No one plans on an illness that forces him or her out of work or into the hospital. In light of the COVID-19/coronavirus pandemic, it is clearer than ever how greatly an illness can impact a worker’s life. One of the most common questions for people who contract serious illnesses is whether they will be able to take sick leave at work, with or without pay, without losing their jobs. Unlike some states, Texas does not have a sick leave law. Unless federal sick leave laws apply, therefore, an employer could deny sick leave requests.
What Is the New Sick Day Law?
Texas does not have a state law making it mandatory for private sector employers to provide paid or unpaid sick leave. Public sector employers, however, must give their employees sick leave at the rate of eight hours per one month of employment for full-time employees. Sick leave will start to accrue the first day of employment. An eligible employee can take this leave for an illness, injury, pregnancy or to care for an immediate family member with an illness. The employee will need a doctor’s note to take three or more days of sick leave.
In March 2020, President Trump signed a law that expanded sick leave in the US to certain eligible people. The bill gives up to 12 weeks of paid family leave to parents who have to care for children due to childcare facility shutdowns connected to the coronavirus. It grants up to 12 weeks at 67% of the recipient’s average salary up to $200 per day. It can also provide up to two weeks of 100% pay reimbursement up to $511 per day. Some employers with under 50 employees are exempt from having to pay. Self-employed workers may receive these benefits in the form of a tax credit.
Can an Employer Deny Sick Days?
An employer in Texas in the private sector can deny sick days if the terms of federal sick leave laws do not apply. No state law requires employers to give their workers sick days. If an employer decides on its own to provide paid or unpaid sick leave, however, it must fulfill the terms of its policy. It is illegal for an employer to deny sick days after granting them to an employee via an employment contract, for example. Employees should carefully review their employment contracts and workplace policies before requesting sick days in Texas.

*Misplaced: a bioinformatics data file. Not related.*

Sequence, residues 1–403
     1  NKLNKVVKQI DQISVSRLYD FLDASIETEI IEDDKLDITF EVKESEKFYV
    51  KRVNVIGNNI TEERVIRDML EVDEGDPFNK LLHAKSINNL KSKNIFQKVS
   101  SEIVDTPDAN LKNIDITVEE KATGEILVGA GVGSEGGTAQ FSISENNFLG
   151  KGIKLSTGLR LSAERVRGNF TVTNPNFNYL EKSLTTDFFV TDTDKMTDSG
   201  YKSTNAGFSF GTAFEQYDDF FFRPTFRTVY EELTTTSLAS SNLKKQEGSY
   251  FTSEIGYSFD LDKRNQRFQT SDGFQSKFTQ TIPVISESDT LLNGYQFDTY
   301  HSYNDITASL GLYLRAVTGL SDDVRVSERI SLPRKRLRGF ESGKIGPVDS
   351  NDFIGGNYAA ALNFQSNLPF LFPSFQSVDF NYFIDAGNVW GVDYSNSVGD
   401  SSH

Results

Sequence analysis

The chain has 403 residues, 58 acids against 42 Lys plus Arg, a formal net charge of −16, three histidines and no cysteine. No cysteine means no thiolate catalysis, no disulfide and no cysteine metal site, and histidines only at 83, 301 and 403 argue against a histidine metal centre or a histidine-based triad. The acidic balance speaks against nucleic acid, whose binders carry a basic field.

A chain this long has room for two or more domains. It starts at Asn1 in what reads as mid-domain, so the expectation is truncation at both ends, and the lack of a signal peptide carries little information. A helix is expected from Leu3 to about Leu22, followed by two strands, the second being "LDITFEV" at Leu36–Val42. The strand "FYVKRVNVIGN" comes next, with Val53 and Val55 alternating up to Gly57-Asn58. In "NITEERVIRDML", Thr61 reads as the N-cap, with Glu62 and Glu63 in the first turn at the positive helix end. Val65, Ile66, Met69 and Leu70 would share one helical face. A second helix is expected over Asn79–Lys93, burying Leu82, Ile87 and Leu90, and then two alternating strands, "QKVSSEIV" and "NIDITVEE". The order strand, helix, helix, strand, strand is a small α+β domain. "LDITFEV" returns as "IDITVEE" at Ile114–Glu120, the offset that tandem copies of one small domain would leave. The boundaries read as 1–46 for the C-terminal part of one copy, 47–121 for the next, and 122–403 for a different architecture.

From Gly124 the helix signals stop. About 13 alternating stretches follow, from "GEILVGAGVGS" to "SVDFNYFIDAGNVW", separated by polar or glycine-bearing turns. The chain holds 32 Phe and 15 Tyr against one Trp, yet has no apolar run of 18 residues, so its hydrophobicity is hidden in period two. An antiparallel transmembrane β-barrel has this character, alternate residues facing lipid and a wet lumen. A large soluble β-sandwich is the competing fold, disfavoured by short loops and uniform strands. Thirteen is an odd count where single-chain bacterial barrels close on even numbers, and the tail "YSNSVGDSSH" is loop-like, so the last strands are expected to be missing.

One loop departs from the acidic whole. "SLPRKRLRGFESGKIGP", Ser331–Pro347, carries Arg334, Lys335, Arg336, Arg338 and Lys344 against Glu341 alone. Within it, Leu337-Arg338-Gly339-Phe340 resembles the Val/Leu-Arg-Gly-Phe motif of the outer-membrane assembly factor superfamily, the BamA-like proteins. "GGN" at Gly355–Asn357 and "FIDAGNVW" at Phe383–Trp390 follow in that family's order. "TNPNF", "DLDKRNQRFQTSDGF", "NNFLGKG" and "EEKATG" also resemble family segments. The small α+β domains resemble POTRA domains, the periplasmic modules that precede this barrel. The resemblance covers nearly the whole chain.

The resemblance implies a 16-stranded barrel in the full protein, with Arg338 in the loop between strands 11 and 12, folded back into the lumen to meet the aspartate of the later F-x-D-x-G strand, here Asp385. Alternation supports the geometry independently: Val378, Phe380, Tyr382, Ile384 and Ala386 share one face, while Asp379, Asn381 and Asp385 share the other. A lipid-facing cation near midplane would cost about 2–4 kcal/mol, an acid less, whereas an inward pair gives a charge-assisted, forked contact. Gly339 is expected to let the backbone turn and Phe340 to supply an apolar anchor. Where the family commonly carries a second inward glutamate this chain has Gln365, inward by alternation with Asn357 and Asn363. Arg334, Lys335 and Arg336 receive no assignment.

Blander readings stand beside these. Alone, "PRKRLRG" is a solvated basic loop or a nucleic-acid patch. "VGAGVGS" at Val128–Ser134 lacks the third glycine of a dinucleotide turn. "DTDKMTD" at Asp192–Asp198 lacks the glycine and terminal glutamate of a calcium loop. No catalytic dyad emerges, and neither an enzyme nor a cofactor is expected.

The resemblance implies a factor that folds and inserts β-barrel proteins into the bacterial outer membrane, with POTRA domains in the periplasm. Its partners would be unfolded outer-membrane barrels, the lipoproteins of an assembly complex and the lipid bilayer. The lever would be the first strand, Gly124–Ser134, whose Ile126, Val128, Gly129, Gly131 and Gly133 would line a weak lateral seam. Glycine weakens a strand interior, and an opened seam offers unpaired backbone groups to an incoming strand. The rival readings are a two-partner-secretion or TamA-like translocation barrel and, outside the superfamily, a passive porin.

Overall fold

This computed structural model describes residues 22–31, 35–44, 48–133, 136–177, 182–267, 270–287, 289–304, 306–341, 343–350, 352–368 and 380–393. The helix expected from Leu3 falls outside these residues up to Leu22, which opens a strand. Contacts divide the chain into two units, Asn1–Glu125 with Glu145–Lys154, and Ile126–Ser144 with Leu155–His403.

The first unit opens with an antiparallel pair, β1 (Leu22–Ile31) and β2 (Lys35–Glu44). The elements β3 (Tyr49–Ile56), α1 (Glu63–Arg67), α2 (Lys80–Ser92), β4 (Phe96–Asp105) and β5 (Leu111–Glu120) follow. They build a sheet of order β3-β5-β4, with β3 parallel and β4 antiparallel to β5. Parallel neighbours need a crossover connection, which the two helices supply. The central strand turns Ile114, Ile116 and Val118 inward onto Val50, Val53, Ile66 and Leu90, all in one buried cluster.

Employers in Texas must also abide by all relevant federal sick leave laws. The Family and Medical Leave Act (FMLA), for instance, gives some workers unpaid sick leave for medical and family-related matters without fear of job loss. Employers in Texas must grant eligible employees up to 12 workweeks of leave per year for covered events, such as the birth of a child, the placement of a child via foster care or adoption, or a serious health condition. An employer in Texas cannot breach a federal sick leave law by denying sick days to eligible employees.
Is PTO the Same As Sick Days?
In general, paid time off (PTO) is not the same as sick days. PTO is a package an employer can choose to give employees that bundles together different types of leave, including vacation time, personal leave, and sick days. Sick days, on the other hand, refer to just one type of leave at a company.
Can You Be Fired for Being Sick in Texas?
The answer to this depends on your status as a worker, whether you work in the private or public sector, and whether the sick leave requested falls under a federal leave law. If your employer legally has to abide by the terms of federal law such as the FMLA, you are an eligible employee and you request the leave for a valid reason, your employer cannot fire you for taking this leave. If, however, no state or federal sick leave laws apply to your employer or your situation and your boss does not have a separate sick leave law, he or she may have the right to terminate your employment for taking sick leave in Texas.